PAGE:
Wednesday, May 26, 2010

Bald Eagle's nest revisited

Good to be home again. The dogs went crazy, jumping and racing around when they saw me get out of the car. One of my first walks after returning from Germany was to check in on the Bald Eagle nest, wondering whether there were any hatchlings yet. But all I saw was an adult sitting on a dead snag nearby. The nest appeared to be unoccupied, but it's really too deep to tell for sure.

Its plumage looks kind of worn. It's wearing leg bands but is too far away to make out any inscription.

After a few minutes it flew off.

I'll have to check on it again next week.

Good Birding!

Saturday, May 22, 2010

Some Colorful European Birds

I just got back from my trip to my hometown of Hamburg in Northern Germany. The weather was quite changeable - dark clouds alternating with bright sunny skies. The main purpose of the trip was to spend some time with my 98 y/o mother who lives very happily in an assisted living home, a converted villa in a park on the River Elbe. Hamburg is an old merchant city, beautiful in an austere way, with none of that southern German charm.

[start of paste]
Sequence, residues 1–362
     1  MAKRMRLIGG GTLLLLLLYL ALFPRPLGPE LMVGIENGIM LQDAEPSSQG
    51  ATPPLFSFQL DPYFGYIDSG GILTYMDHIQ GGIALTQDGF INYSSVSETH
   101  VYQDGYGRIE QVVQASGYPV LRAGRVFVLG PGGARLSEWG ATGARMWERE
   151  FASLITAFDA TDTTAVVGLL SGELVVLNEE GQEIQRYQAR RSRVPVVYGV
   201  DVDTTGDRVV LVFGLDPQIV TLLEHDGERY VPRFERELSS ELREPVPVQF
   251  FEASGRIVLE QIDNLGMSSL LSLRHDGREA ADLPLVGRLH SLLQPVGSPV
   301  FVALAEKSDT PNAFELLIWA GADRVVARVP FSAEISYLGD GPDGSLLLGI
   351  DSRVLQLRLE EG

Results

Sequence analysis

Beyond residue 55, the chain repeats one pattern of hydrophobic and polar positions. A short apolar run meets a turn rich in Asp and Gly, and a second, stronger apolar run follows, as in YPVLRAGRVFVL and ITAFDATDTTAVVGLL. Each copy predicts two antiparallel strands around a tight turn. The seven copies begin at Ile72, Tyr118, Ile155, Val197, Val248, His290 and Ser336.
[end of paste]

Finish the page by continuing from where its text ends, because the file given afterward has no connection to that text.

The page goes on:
It has a large botanical garden near the city center where I got this photo a European Coot with those strange lobed feet:

I also managed to do some birding in local parks, cemeteries and gardens. I came back with photos of some colorful garden birds taken with my Panasonic Lumix FZ28 camera which didn't perform too badly as long the birds were fairly close.

Female Great Spotted Woodpecker (Buntspecht)

Eurasian Jay (Eichelhaeher) whose favorite foods are acorns

(European) Bullfinch (Gimpel) eating dandelion seeds

(European) Robin (Rotkehlchen)

Long-tailed Tid (Schwanzmeise)

This one shows the long tail which appears to be quite worn

Great Tit (Kohlmeise) the largest of the tits

The cemetery was the home of several Dunnocks, a  bird I had never noticed before while living there, perhaps because it looks so nondescript. The quiet cemetery appears to be the perfect habitat for them, as they are quite shy and prefer dense brush and shrubs

Dunnock (Heckenbraunelle)

My walks were accompanied by the songs of the Common Blackbird, with the males singing from every roof top, every tree or shrub

I'll end this post with a snippet. The slurred notes in this recording are a bit atypical, but it was the only fairly clean recording I managed to get.

Saturday, May 8, 2010

Bald Eagle on Nest, Osprey, Spotted Sandpiper, Bumble Bees and more

The weather's been so beautiful, crystal clear blue skies, warm... I have been out everyday looking for birds. Several days ago I walked up to the Hinsdale bluffs above the Connecticut River, which looks down on the Vernon Dam.. During the past several months maintenance workers had cleared all the brush along the path - leaving little for birds. However a pair of Bald Eagles had built a nest last year under the canopy of a pine tree on the slope down-stream of the dam.